Mod #3 – Replace OEM Tires with AT (All Terrains)

5th Gen 4Runner All Terrain Tires

If you can wait the 2-4 years it takes to wear down the stock OEM tires, then wait until you run your tread down to 20-30%.

If you are impatient and want some meaner looking tires now, then do your research and find a set of All-Terrain tires that will stand out and perform under the harshest winter and off-road conditions. Budget is always an item on the table, so I am going to break down my top selection of AT (All-Terrain) Tires by price range.

Based on the stock tire size: 265/70r17

$50-$100/ per tire (265/70r17)

I personally do not recommend anything under $100 when buying all-terrain tires. Either they will be made in China with some off-brand name or underperform when you need them the most. Try heading down to the next bracket.

$100-$200/ per tire (265/70r17)

A perfect range for anyone looking for a fresh set of all-terrain tires. Any worthwhile AT tire is going be in this range.

  1. Yokohama Geolandar A/T: $120 (Light tread depth)
  2. Firestone Destination A/T: $120-$150
  3. General Grabber A/T: $120-$170
  4. Nitto Terra Grapplers A/T: $150
  5. Toyo Open Country A/T: $150
  6. Cooper Discoverer A/T: $150

$200-$500/ per tire (265/70r17)

Stepping it up in this range of tires will get you some serious rubber, tread pattern options and tires that will push through anything you throw at them.

  1. BF Goodrich KO2 A/T: $250-$350
  2. Toyo Open Country A/T 2: $260
  3. Nitto Trail Grapplers A/T: $300
  4. Goodyear Duratrac A/T: $400+
  5. Cooper Discoverer STT Pro Off Road Tire A/T: $400+ – Top Choice
  6. Goodyear Wrangler Duratrac A/T: $400+

Mod #4 – Replace OEM Wheels with Something Epic

Spidertrax Wheel Spacers 5th Gen 4Runner

When it comes to wheels, the options are endless. This is the most exciting part about modding the 4Runner. Most of the TRD pros are coming off the lot with the aftermarket TRD Wheels, which are awesome. The only problem with these wheels is that everyone has them. Not a bad thing, just every TRD Pro you see, they have a set of the TRD wheels.

Throwing a set of TRD wheels on a stock SR5 would never be a bad thing, I would just like to see a little more originality in today’s late model world. For another idea on wheel inspiration, check out the Fuel 20″ Vapor Wheels with KO2’s we put on our 2016, or this wheel graphic we put together. I would rather go for an option that is not often seen. There are quite a few options to choose from when it aftermarket wheels.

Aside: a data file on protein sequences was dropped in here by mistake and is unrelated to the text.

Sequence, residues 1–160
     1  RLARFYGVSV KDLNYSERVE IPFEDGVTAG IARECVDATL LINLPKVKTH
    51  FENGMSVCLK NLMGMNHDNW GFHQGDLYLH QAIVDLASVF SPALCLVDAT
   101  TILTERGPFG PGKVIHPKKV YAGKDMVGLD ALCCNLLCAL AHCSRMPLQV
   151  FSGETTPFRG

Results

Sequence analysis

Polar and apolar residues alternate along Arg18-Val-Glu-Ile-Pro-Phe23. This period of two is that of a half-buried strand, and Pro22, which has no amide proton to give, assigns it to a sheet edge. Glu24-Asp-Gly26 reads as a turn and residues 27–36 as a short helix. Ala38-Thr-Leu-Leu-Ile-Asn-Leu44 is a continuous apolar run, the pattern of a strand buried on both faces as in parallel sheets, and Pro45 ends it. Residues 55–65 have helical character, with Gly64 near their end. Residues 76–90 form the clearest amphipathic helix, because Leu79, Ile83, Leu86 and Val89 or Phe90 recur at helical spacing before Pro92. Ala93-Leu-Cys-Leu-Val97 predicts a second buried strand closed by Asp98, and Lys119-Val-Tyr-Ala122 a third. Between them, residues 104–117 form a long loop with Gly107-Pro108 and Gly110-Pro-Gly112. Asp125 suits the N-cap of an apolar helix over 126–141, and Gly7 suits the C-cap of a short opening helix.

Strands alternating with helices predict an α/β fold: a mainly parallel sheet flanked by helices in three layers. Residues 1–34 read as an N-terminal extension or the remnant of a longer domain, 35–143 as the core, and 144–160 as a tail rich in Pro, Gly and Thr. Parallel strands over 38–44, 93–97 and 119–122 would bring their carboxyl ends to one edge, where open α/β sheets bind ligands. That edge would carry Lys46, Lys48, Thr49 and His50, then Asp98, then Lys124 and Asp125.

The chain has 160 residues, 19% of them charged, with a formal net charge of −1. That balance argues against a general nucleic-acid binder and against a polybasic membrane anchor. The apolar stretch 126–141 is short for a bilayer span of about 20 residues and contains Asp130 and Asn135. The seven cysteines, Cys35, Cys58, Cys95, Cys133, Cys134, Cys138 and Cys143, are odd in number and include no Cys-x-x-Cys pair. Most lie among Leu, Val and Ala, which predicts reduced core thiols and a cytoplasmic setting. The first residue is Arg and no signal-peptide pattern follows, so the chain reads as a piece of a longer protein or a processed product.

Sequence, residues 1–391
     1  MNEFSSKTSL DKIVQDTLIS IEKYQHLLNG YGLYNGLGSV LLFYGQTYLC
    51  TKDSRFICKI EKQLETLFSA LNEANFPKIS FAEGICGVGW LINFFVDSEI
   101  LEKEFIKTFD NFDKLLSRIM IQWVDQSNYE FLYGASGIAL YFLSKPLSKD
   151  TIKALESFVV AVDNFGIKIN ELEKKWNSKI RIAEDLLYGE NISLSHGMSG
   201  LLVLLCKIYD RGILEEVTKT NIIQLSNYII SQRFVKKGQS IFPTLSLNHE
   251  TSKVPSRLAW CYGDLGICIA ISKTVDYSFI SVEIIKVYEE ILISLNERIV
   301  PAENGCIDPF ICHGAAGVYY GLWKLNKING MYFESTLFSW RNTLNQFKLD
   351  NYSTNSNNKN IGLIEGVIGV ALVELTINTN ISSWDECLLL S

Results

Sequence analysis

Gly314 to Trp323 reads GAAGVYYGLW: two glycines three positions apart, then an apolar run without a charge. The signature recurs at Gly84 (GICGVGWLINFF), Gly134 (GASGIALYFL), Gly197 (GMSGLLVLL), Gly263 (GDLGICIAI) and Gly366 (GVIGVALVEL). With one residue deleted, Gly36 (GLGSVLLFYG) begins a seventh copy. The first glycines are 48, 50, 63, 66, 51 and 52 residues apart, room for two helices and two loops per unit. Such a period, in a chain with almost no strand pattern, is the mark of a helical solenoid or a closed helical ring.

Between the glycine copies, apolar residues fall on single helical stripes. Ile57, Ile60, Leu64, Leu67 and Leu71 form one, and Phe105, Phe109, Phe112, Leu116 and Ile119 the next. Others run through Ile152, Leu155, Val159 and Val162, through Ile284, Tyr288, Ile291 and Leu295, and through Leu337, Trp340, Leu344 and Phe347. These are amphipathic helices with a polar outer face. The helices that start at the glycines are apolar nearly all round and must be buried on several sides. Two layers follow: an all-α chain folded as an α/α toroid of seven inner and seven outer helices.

Common Aftermarket Wheel Options (17×8.5 wheels & 17×7)

  1. TRD SEMA Wheels
  2. TRD Beadlock Wheels
  3. SCS wheels – stealthcustomseries.com
  4. blackrhinowheels.com
  5. Fuel Off-Road
  6. VTX Wheels
  7. level8motorsports.com
  8. kmcwheels.com XD Series
  9. ultrawheel.com
  10. atxwheels.com
  11. Method Race Wheels
  12. Iconalloys.com
  13. fnwheels.com

Or, just Amazon search 17×8.5 off-road wheels or 17×7 wheels depending on your tire

I could go on for hours about wheels. Another great place to check out inspiration for wheels is the forums. But I thought this list above is a nice go-to list of options and inspiration. I have never seen this list put together but I think it should help some of you out there looking for some actual websites and all product lines. If you have any other wheel recommendations, please let us know in the comments below.

This is just part 1 of the Mods section. Stay tuned and check back often for more installs and mods.

Stay Crawling, or Mall Crawling my friends. 

Please comment below if you have any questions, we would love to hear your thoughts on any of the mentioned topics above!